Retinal vascular development proceeds in a highly orchestrated, spatiotemporal sequence requiring the coordination of many signaling gradients and cell types that are highly sensitive to environmental stimuli.1 Quantifying the development and health of the retinal vascular network using a variety of imaging techniques is an important tool both clinically and experimentally. Clinical uses vary from quantifying the degree of retinopathy of prematurity to the progression of age-related macular degeneration.2–5 Experimentally, rodents are an ideal model for studying the vascular abnormalities associated with premature birth in humans because rodent retinal vasculature develops entirely postnatally.1,5 Rodent vascular plexus development is also highly reproducible, making structural changes easily observable in real time.5 While there are differences in timing between mouse and rat retinal development, both have been utilized to great effect to study retinal vascular development.6–9 In this study, we utilized a modified rat model with severe disruption of angiogenesis due to prolonged hyperoxia (HO) exposure.10
Rat retinal vascular growth is preceded by an astrocyte network in the superficial primary plexus, reaching the retinal periphery at approximately postnatal day 8 (P8). Between postnatal day 7 (P7) and postnatal day 12 (P12), vessels from the primary plexus sprout downward to form the deeper secondary plexus. The intermediate vascular plexus is formed by sprouting from the secondary plexus, reaching full formation between P12 and postnatal day 15 (P15).1 Many experimental studies of disrupted retinal angiogenesis solely focus on revascularization or vitreous neovascularization in the planar structure of the primary plexus. The imaging depth of these experiments is commonly limited by the physical sample preparation, chosen imaging modality, and optical tissue properties.1,10–16 Across species, the retina varies from to in thickness, with minimal optical absorption and optical scattering coefficients ranging from 0.12 to at 488 nm.1,17–19 Therefore, deeper three-dimensional (3-D) imaging to quantify vertical sprouts and the deeper secondary plexus requires optical sectioning microscopy, commonly achieved through point scanning techniques that limit experimental throughput.20–27 An alternative method is the computational reconstruction of many serial cross-section preparations.28
Beyond the complexities of sample preparation and imaging, quantifying the information contained in imaging data to extract meaningful metrics on the 3-D development of retinal vasculature presents a separate, yet equally important, problem. For data generated by fluorescence imaging, many groups have utilized a simple skeletonization and feature extraction scheme.11,16 This analysis is inherently two-dimensional (2-D) and does not provide any information on deeper vasculature or the spatial patterning of proteins and key cell types. Alternatively, Milde et al. demonstrated that calculating the Minkowsky functionals of a segmented 3-D image of retinal flat mount vasculature provides an alternative quantification method to skeletonization and feature extraction. They further demonstrated that this method can map the developmental pathway of retinal vasculature in 3-D through iterative model fitting. While this technique provides new information about the timing of development and distribution of retinal vasculature, it relies on retinal flat mounts and two-photon point scanning imaging.21
In this study, we present a methodology based on optical tissue clearing and light-sheet microscopy. We demonstrate rapid quantification of vertical sprouting and secondary plexus complexity within intact retinas that do not require physical alteration beyond removal from the eye. Motivated by the ongoing developments in single-cell phenotyping and network mapping within intact tissue,29,30 we quantified the vasculature of rat retinas using passive CLARITY and a home-built digital scanned light-sheet microscope (DSLM).31–33 Because our DSLM does not require physical translation of the sample, we were able to image the 3-D network of the retinal vasculature with minimal sample disturbance. After 3-D imaging, we filtered the images,34 performed semiautomated network identification,35–37 and calculated a simple metric based on Sholl analysis38,39 that captured the complexity of the entire retinal vascular network.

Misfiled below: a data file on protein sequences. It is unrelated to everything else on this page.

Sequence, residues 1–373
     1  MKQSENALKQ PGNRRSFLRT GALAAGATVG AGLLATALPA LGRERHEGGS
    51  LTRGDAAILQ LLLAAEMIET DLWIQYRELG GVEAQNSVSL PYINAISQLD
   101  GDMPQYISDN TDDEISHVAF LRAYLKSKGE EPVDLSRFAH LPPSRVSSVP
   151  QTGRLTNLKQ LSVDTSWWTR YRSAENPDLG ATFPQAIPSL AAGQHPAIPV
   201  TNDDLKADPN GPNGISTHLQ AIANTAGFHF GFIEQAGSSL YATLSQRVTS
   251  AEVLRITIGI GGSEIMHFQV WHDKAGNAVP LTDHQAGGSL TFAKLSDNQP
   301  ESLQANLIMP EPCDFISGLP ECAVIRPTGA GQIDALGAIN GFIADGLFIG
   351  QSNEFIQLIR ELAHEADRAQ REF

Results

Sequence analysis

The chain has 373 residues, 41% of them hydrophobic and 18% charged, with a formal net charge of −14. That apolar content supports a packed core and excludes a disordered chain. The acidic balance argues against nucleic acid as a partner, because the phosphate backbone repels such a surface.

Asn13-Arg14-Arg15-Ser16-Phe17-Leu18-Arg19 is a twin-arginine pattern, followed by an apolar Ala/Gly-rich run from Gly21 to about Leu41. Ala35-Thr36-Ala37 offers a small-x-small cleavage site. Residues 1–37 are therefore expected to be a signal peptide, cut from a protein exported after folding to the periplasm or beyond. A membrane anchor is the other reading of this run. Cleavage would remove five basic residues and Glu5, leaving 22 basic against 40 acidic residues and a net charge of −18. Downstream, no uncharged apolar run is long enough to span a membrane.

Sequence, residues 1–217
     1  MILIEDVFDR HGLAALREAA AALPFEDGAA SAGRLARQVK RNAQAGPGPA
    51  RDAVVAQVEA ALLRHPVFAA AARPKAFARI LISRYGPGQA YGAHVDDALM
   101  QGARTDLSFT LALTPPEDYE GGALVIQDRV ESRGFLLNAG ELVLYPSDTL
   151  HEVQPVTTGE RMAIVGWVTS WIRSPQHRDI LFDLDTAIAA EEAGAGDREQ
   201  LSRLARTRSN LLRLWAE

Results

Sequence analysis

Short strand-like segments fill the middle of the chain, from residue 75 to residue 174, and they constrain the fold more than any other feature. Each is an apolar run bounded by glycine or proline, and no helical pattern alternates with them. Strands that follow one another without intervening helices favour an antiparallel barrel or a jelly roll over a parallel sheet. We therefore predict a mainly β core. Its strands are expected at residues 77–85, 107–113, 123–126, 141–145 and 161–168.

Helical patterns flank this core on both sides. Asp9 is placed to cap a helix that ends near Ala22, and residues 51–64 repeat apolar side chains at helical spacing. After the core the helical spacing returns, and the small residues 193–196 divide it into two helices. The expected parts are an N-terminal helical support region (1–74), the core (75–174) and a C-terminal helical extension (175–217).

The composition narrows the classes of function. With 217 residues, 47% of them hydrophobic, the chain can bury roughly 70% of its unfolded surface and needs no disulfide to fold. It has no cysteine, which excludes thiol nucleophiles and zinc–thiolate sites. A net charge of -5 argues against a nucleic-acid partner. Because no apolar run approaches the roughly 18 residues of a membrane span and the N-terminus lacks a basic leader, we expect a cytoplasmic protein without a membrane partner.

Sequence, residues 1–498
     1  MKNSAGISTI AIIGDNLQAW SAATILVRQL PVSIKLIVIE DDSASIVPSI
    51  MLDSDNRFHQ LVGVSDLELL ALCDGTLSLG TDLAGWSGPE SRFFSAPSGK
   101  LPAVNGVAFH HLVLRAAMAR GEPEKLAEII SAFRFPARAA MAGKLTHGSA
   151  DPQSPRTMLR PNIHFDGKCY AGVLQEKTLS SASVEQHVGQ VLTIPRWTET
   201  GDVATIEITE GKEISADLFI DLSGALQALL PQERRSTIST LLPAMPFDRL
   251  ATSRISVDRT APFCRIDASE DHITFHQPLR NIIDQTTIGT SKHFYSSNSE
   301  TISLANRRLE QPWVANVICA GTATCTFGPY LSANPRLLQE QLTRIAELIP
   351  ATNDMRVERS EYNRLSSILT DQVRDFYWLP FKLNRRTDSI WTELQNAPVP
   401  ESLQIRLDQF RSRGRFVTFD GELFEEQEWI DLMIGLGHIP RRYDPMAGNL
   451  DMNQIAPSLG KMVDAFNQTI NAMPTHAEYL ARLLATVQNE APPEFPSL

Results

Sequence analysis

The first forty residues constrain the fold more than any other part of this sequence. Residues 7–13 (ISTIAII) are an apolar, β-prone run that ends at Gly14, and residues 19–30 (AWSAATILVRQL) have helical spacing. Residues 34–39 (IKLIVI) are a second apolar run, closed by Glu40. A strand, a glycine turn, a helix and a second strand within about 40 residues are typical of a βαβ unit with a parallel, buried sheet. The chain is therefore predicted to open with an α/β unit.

We then applied this microscopy pipeline to vascular development at P7 and P14 of control rat retinas and retinas from animals exposed to continuous HO. We quantified the primary plexus of retinal flat mounts with epifluorescence imaging and the primary and secondary plexus of retinal flat mounts using deconvolution epifluorescence imaging. We then optically cleared intact retinas and quantified the 3-D vascular network using DSLM. The primary plexus of experimental P14 HO retinas developed vascular density and complexity resembling control P14 retinas. This provides evidence that the first two postnatal weeks are significant in recovery from HO-induced vascular abnormalities. However, 3-D imaging revealed that vertical sprouting and secondary plexus development were severely altered in the continuous HO model. Quantification of this impairment was lost using standard epifluorescence imaging of retinal flat mounts, highlighting the importance of robust 3-D quantification methods.
Materials and Methods
The Institutional Animal Care and Use Committee at the University of Colorado Anschutz Medical Campus approved all procedures and protocols. Pregnant Sprague-Dawley rats were purchased from Charles River Laboratories (Wilmington, Massachusetts). Animals were fed ad libitum and exposed to day–night cycles alternatively every 12 h. Litters were delivered in room air (RA) and randomly assigned to HO chambers () or RA () at day 1 of life (). HO chambers were maintained at Denver’s altitude (1600 m; barometric pressure, 630 mm Hg; inspired oxygen tension, 122 mm Hg). HO exposure was continuous with brief interruptions for animal care (). Oxygen concentration was regulated using a ProOx device (Reming Bioinstruments). Eye tissue from pups in HO and normoxia conditions was harvested at P7 and P14. Half of the eyes were used for retinal flat mounts, and the other half were used for 3-D quantification methods. Animals were killed with intraperitoneal injections of pentobarbital sodium ( body wt., Fort Dodge Animal Health, Fort Dodge, Indiana).